Most of the best stuff comes from Welles’ giant BBC interview, broadcast as Orson Welles: Stories from a Life in Film, but this is hacked up too. There’s nothing as egregious as the ending of The Battle for Citizen Kane, which has Welles saying “I think I made essentially a mistake staying in motion pictures,” but leaves off what he said next — “but it’s a mistake I can’t regret,” which is followed by a heartbreaking, inspiring speech about his love of film. But Workman does use the interview as a source for random pull-quotes, so that some lines do duty for subjects they originally had nothing to do with. It’s a very insidious form of misquotation. Sometimes, people whose big mouths have gotten them in trouble complain of being “quoted out of context” (all quotes are, by their nature, somewhat out of context) — Welles is being quoted in contexts he never knew anything about, contexts devised thirty years after his death by a bloke called Chuck whose day job is editing the Oscars.

The compassion for Welles is admirable, and I think the section on his love of food was skillfully done — affectionate without degenerating into fat jokes. and there’s a nice bit where different Welles interviews are cut together to show how he would vary a story each time he told it. Where the movie has a strong idea, it’s on solid ground, but this rarely happens.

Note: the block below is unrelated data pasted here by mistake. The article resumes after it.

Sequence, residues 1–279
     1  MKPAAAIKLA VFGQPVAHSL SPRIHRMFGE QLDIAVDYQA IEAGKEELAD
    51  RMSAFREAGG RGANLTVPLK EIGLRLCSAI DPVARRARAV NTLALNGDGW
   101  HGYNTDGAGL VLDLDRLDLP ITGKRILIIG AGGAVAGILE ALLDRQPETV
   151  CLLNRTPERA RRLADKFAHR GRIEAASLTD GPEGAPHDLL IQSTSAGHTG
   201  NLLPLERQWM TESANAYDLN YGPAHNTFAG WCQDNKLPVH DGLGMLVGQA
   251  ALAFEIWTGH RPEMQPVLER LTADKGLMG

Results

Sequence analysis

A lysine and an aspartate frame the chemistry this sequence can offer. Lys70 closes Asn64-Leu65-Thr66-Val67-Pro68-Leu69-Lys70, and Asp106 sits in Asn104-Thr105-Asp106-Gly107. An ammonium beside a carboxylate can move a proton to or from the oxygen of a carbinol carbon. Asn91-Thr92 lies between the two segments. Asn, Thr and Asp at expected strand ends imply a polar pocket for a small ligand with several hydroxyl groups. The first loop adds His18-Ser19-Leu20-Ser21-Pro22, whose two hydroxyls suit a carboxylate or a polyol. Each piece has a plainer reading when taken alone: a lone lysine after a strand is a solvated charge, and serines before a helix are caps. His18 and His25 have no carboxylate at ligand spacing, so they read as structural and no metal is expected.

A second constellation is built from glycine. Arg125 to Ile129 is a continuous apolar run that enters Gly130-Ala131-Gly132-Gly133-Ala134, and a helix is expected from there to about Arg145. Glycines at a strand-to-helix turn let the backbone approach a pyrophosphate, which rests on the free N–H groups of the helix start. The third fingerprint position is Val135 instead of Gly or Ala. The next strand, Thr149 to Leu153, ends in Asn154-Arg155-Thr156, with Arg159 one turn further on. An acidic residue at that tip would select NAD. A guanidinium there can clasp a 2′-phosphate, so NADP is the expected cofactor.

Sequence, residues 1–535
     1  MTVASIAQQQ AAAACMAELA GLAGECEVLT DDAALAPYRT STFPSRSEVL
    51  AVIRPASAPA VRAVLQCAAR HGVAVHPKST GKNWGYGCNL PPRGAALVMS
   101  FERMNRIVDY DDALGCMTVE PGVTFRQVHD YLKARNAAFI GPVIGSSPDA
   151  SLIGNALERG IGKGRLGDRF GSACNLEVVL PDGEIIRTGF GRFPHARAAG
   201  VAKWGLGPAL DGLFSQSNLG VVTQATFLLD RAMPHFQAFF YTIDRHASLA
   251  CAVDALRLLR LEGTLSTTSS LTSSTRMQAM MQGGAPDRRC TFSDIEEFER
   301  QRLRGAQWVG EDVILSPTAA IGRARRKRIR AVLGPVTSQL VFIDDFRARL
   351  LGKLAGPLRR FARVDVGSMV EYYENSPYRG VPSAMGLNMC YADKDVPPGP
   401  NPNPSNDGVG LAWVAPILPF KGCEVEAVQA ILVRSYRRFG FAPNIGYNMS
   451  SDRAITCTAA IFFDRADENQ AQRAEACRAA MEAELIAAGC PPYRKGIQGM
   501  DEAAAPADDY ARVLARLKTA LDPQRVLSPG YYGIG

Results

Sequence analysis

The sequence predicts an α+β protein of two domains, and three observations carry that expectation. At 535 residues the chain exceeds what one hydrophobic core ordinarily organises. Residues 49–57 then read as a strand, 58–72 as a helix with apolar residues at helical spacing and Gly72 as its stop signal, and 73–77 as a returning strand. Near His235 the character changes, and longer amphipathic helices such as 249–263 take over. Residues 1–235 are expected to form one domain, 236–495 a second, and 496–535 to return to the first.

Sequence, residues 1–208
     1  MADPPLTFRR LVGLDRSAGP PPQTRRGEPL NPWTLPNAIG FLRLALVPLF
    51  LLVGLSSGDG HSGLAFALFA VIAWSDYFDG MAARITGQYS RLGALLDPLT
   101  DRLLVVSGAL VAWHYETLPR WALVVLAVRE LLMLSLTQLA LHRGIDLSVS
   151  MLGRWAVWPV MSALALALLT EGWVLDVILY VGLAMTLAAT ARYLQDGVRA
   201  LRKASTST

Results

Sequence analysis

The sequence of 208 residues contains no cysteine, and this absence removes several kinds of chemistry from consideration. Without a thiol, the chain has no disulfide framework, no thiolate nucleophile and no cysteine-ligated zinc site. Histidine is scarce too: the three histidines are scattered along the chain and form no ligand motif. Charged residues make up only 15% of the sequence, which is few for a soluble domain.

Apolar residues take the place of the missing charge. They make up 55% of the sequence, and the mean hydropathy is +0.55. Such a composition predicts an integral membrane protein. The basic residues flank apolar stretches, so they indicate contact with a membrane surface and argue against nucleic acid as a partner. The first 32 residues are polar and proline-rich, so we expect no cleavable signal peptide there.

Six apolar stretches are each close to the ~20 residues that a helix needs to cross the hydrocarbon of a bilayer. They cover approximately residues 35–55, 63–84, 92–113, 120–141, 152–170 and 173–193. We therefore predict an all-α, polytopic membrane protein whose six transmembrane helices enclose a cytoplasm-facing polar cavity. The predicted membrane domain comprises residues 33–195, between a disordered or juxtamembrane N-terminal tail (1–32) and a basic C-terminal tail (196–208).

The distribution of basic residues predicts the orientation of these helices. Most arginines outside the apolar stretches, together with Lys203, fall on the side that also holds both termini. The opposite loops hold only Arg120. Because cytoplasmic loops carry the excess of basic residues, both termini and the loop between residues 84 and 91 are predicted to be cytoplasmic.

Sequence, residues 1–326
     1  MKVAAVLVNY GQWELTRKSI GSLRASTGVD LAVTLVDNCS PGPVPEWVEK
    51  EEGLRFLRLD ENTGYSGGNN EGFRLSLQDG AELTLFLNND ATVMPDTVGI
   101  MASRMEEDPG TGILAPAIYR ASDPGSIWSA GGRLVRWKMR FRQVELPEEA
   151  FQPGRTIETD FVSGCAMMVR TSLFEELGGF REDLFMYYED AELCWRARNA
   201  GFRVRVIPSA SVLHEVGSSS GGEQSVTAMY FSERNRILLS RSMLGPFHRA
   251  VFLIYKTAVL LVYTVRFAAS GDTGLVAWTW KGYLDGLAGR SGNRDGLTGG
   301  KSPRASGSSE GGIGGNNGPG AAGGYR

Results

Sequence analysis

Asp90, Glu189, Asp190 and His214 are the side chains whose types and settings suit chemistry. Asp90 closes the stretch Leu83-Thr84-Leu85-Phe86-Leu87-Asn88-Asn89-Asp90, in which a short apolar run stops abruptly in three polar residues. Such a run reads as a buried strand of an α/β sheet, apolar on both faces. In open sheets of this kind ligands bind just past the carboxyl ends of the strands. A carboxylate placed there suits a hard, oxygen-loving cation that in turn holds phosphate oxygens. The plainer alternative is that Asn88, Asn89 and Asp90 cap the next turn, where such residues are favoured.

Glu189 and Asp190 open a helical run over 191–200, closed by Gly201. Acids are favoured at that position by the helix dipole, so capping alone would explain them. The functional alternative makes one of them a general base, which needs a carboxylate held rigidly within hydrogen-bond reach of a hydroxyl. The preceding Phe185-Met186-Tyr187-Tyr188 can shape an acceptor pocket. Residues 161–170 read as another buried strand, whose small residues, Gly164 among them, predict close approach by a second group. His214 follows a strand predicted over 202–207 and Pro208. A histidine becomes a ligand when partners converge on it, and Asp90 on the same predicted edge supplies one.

Of the critical thinkers on display, James Naremore makes the best contribution. I would have liked more of Christopher Welles and even the dreaded Beatrice. Oja Kodar’s bit comes across like unedited rushes, jumping from subject to subject which may well be the way she talks, but the filmmaker is supposed to supply shape. She says some lovely stuff, and announces her willingness to be shamelessly indiscrete — I wish she was allowed to be.

Still, this could be an important moment even if the film is mainly a missed opportunity — a film from America which is resoundingly pro-Welles, which sees the truncated and unfinished films as the fault of a system rather than of the man, which debunks “fear of completion” and admits that the Philistinism of the film industry is the more serious problem — this is a new development, and worthy of celebration in this centennial year.

16 Responses to “God Send the Prince a Better Companion”

  1. Yes I still think the theatre section which was really interesting could have been one doc in itself. Did you see it at filmhoose?

  2. Saw it at Cameo.

    The Battle for Citizen Kane has some good stuff on the theatre work, in more depth. The BBC doc also did some of it — the footage of the “Negro Macbeth” hadn’t turned up but they had Welles say a lot more about it. And there’s a tone more you could do on The Cradle Will Rock (the dramatisation of that is about the only fictional rendition of Welles not included here — skipping RKO 451 and Ed Wood could have freed up some valuable time).